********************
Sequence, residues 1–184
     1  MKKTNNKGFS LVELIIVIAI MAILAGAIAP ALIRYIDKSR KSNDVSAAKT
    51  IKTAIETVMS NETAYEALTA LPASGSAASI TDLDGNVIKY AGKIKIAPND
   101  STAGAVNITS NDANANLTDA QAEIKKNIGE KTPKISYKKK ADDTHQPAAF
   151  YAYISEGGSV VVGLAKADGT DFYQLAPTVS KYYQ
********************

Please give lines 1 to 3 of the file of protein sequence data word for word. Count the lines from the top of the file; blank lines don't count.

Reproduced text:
Sequence, residues 1–184
     1  MKKTNNKGFS LVELIIVIAI MAILAGAIAP ALIRYIDKSR KSNDVSAAKT
    51  IKTAIETVMS NETAYEALTA LPASGSAASI TDLDGNVIKY AGKIKIAPND